The popularity of a security consultant within a development oriented organisation is most certainly bi-polar. Occasionally, after thwarting a breach or reporting a bug directly to a developer rather than through JIRA (where it would expose their incompetence), we are gifted the opportunity of feeling a little more human and receive – for once – some warmth from our fellow compatriots. Most of the time, however, we’re that troll under the bridge pulling at peoples ankles, standing in their way and grunting orders at them as they try to cross. On the other hand, the reality is that the very nature of our jobs is to protect and help others, and to do so requires a solid understanding of all layers of the stack. So, for the most part we’re not grunting orders whilst having no clue as to what we’re talking about: we’re making well informed observations that warrant attention.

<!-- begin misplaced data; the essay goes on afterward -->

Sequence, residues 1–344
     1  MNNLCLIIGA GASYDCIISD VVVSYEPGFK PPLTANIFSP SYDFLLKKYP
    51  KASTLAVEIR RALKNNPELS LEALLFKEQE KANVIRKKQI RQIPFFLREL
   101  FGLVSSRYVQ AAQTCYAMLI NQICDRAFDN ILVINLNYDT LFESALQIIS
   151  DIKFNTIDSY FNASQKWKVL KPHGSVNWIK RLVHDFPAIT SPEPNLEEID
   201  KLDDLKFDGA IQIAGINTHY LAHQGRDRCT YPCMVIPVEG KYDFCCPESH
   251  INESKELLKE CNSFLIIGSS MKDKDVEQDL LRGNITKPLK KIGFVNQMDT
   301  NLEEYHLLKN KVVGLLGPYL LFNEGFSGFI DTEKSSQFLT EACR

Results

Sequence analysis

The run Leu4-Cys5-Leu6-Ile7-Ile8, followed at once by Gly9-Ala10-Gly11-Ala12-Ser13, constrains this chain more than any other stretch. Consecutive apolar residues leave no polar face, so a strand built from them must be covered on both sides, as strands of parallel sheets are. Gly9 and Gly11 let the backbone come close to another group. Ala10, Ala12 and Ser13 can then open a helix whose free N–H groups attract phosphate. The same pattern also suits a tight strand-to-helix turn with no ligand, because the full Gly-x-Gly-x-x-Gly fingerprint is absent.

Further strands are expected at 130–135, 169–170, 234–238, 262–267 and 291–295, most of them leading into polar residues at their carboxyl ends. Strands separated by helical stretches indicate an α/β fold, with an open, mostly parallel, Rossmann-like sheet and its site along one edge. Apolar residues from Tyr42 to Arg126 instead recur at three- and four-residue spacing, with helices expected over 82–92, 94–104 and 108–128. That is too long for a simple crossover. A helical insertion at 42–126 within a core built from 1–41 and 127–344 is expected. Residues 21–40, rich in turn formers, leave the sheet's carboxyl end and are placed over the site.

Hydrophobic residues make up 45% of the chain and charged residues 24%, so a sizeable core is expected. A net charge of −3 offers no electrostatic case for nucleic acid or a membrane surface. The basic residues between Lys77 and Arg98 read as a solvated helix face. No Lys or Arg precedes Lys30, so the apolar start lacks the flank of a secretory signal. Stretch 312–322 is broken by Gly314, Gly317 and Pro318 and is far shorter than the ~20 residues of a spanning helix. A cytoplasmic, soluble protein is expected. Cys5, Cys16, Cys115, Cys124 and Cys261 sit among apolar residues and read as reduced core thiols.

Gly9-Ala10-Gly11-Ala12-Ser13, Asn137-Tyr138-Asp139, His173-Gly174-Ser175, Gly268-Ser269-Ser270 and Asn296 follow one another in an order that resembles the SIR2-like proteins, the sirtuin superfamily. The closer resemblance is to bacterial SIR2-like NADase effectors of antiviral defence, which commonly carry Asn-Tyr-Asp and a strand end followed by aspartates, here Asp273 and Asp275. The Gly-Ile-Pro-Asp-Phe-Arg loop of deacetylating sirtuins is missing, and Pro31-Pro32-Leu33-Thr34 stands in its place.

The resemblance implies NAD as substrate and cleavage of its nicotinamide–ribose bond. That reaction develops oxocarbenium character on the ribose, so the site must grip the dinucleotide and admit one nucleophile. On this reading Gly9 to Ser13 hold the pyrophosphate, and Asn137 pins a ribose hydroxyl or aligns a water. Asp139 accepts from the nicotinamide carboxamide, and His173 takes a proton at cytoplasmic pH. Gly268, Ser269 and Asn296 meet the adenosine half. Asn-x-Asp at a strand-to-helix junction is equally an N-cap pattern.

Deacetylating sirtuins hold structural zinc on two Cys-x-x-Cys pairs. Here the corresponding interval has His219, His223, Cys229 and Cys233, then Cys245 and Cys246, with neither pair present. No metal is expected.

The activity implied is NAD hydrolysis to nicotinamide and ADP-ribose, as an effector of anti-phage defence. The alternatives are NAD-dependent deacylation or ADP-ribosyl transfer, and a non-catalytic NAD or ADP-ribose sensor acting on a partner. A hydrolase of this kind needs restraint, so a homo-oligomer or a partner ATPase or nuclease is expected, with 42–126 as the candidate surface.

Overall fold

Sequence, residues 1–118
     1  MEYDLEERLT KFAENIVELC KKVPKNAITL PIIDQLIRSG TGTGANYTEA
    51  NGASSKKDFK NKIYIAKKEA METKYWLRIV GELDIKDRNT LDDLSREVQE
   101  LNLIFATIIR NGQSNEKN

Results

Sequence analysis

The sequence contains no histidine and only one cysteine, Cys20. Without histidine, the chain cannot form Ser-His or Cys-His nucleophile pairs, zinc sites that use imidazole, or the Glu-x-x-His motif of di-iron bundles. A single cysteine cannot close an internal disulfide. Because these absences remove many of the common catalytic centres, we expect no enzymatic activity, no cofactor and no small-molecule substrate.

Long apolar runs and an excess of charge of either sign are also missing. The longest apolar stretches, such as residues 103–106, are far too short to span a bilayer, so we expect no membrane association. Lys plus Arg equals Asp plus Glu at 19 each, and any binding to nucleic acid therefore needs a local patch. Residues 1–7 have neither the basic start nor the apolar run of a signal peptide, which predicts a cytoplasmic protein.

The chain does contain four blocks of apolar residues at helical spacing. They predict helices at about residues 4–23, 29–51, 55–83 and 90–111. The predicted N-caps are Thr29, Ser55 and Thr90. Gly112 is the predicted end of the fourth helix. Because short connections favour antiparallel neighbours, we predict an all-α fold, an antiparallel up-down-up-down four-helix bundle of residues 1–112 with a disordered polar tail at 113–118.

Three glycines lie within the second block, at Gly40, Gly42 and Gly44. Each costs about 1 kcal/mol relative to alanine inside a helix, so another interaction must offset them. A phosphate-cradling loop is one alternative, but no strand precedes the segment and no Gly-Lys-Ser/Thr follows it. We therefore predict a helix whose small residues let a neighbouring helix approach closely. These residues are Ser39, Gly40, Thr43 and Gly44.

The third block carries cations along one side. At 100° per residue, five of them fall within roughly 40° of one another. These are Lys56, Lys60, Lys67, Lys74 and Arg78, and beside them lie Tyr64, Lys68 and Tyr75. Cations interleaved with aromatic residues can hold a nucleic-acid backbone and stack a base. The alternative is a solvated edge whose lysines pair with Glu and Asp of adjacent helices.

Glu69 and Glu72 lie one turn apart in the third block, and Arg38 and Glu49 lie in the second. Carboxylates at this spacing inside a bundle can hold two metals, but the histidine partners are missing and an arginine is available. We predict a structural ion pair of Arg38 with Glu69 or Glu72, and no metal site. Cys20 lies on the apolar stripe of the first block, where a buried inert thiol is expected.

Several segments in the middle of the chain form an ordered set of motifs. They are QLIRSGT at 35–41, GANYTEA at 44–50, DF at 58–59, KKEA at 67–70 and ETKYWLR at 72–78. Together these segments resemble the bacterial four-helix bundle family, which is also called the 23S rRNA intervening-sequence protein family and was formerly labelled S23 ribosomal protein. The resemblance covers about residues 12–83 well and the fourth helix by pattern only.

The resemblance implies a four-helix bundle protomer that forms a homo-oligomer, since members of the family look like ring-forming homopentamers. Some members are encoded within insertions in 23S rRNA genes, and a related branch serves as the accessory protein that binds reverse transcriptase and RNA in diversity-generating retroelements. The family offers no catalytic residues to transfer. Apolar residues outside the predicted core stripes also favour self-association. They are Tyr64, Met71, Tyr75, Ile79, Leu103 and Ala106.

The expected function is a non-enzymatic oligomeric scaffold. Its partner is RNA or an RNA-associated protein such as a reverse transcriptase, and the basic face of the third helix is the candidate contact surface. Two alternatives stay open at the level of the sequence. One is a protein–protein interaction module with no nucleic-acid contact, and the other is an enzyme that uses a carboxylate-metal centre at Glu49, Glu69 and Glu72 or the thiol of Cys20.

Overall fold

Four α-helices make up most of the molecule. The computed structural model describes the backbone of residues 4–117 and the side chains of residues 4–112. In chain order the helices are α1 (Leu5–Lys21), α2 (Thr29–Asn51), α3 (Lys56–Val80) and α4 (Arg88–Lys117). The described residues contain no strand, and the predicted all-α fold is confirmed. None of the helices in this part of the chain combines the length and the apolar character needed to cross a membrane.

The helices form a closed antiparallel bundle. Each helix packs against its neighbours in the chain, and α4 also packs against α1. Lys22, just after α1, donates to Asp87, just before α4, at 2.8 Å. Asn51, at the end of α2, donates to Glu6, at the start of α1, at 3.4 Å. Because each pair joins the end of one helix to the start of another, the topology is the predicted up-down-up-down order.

Many a dev shop I’ve stepped into can be likened to the Lord of the Flies, where the developers are so focused on design, functionality and UX that they lose touch with what really makes a product: engineering. Design may sell a product, but without solid engineering it will almost certainly see a short lifespan, significant downtime, no sales via word-of-mouth and/or reputational harm. What I’ve been trying to teach developers is that security not only has the function of protecting data and users, but it also promotes robust engineering. Making security a priority throughout the entire design and development process ultimately forms a more reliable product that will require less ongoing downtime to patch bugs – allowing developers to focus more on functionality and design during post go-live sprints. Think of it this way: if you cut corners when constructing the foundations and frame of a house, only to later discover that there is a critical issue with either, you’re going to have one hell of a time trying to address the issue without seriously impacting it’s occupants. So, the key to forcing a shift toward secure development practices is education: knowing vulnerabilities and their impact, coding securely, testing and how to efficiently integrate standards into projects. An effective tool to illustrate this and to get developers adopting more of a hacker mindset are HackMe applications. Previously I developed and released vuln_demo, however I’ve recently ended this project and created FooBl0g. Continue reading “lord of the flies”